I recently gave a talk called “Search, Speech, and Secrecy: Corporate Strategies for Inverting the Network Neutrality Debate.” We had a spirited discussion, and I learned a good deal from the audience. I proposed more monitoring and regulation for internet intermediaries, but some in the audience would not accept my old analogy between search engines’ role on the web and that of carriers. Fortunately, even writers at the very pro-market Weekly Standard are grappling with the fact that Google is not just another company:
The same principles of data aggregation, pattern recognition and artificial intelligence that Google applies to the highway can also be applied to human interactions. This will have revolutionary consequences. . . . Google now keeps a â€œGPIâ€. By tallying billions of inputs from its search engines, it can track inflation in a much more timely way than government agencies â€“ although not yet quite as accurately. Its basket of goods differs from the one used for the US consumer price index, and its results differ, too. (Googleâ€™s index shows deflation in the US and mild inflation in the UK.) . . .
If Google is better at predicting inflation, unemployment and influenza, it will probably be better at predicting crime, terrorism and political unrest. What government that claims to be vigilant against terrorism would fail to use Googleâ€™s data? The line between Google and government is destined to blur.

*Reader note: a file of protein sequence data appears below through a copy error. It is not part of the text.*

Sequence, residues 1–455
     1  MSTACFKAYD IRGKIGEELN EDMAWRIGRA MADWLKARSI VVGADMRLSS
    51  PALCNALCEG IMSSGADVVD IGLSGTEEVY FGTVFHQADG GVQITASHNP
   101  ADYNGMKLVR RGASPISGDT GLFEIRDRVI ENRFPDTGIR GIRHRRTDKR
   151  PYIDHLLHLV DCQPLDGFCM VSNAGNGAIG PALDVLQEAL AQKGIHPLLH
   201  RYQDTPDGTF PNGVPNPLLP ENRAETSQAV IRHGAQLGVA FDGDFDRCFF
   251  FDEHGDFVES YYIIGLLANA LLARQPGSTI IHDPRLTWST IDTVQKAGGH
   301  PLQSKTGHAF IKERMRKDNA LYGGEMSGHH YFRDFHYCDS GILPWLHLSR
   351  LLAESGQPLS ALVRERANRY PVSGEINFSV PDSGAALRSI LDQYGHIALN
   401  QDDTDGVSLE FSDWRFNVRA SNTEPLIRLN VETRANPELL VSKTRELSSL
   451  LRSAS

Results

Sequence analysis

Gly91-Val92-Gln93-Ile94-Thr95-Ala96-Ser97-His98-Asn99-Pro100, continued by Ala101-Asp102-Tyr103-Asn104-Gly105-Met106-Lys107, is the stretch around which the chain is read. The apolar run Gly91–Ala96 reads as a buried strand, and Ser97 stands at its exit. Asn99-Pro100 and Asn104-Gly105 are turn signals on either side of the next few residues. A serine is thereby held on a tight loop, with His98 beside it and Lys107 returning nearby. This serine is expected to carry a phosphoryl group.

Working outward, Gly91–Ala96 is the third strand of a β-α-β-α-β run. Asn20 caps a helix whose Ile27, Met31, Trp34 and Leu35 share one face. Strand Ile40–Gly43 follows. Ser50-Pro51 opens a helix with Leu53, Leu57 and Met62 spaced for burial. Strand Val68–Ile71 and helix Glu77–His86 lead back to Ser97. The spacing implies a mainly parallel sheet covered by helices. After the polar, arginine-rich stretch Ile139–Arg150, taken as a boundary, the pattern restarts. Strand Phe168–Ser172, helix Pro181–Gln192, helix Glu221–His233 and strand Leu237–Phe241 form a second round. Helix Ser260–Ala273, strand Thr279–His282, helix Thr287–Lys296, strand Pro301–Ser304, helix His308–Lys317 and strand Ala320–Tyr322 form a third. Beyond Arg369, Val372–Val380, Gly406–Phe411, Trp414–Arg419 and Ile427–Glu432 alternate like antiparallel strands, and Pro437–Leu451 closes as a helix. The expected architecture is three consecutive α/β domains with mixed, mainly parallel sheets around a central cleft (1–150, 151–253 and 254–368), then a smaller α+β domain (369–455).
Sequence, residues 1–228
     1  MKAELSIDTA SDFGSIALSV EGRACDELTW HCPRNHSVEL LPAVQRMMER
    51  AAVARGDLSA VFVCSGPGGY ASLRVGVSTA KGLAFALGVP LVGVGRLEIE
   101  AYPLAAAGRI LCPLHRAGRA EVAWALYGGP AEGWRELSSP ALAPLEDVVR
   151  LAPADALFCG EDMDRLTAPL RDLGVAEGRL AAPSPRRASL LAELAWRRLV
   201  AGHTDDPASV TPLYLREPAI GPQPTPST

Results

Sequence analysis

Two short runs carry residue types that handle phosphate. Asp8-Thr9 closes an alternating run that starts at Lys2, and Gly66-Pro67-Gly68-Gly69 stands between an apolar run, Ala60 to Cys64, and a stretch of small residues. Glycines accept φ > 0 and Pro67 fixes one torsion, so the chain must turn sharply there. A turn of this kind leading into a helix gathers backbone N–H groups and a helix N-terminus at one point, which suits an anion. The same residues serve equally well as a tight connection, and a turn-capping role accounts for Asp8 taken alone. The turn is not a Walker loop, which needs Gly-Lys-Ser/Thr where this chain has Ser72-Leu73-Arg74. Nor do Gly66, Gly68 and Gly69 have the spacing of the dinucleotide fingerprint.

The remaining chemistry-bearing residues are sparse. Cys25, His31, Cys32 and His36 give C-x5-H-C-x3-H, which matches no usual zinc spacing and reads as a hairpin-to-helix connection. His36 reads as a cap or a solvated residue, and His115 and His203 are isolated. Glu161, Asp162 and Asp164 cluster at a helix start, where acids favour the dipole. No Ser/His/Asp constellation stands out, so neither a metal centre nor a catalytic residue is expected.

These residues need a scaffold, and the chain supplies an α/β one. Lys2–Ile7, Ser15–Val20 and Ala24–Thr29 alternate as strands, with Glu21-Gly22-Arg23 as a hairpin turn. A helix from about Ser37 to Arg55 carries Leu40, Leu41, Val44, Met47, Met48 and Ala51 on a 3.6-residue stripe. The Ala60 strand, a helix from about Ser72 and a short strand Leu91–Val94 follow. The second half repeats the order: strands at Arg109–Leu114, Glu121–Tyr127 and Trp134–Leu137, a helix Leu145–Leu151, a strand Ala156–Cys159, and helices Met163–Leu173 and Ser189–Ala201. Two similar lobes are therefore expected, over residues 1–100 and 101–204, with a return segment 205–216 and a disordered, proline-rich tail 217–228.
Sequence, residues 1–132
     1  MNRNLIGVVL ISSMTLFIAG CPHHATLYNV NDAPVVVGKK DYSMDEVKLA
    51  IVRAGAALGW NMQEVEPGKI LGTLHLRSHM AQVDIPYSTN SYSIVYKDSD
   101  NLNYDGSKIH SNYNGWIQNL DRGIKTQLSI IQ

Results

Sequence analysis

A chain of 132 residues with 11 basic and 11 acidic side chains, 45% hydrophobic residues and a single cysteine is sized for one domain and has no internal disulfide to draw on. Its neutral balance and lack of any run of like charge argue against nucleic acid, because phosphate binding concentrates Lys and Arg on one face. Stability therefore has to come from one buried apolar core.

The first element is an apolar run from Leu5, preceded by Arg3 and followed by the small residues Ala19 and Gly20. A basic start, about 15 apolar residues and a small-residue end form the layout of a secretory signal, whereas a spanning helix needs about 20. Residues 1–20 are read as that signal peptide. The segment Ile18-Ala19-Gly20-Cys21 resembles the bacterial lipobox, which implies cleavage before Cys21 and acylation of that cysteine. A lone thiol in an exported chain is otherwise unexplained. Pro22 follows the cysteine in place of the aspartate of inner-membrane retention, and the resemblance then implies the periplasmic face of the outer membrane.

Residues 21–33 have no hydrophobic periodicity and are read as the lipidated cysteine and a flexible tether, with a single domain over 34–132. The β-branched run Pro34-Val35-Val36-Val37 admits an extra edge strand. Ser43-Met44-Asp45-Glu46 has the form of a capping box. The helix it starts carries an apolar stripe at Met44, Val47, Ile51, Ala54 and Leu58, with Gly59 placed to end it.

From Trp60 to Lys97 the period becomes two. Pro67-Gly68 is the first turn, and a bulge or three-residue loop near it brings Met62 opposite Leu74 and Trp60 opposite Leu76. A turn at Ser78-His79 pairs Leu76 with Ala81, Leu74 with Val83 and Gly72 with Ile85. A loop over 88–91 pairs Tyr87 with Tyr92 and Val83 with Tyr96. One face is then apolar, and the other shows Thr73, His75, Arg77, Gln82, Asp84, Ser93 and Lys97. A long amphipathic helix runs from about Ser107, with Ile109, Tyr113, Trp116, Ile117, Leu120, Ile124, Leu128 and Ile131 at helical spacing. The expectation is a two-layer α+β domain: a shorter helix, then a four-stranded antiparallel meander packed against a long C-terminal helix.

I’d say that line is blurring, not merely with respect to Google, but also in the cases of telecom, cable, finance, intelligence, and health care. In other words, at the very core of our information age economy, there is an accelerating fusion of government and business. A political platform based on disentanglement is about as realistic as a gold standard or decomposing Microsoft into its component parts. The goal now is to bring more accountability and transparency to the firms which are taking on an ever more governmental role in our society. Of course, if anyone can tell me a story about how such moves will stymie investments like this one (for which Google deserves great credit), I’d be happy to reconsider my position.
Hat Tip: NC blog.
I am immediately reminded of the merger between the NSA, and the Library of Congress in Neal Stephenson’s Snow Crash.
If the agency’s goal is to sift and parse information, and the library’s goal is to be the repository of all information ( a logical extension as memory gets cheaper) then the merger is inevitable.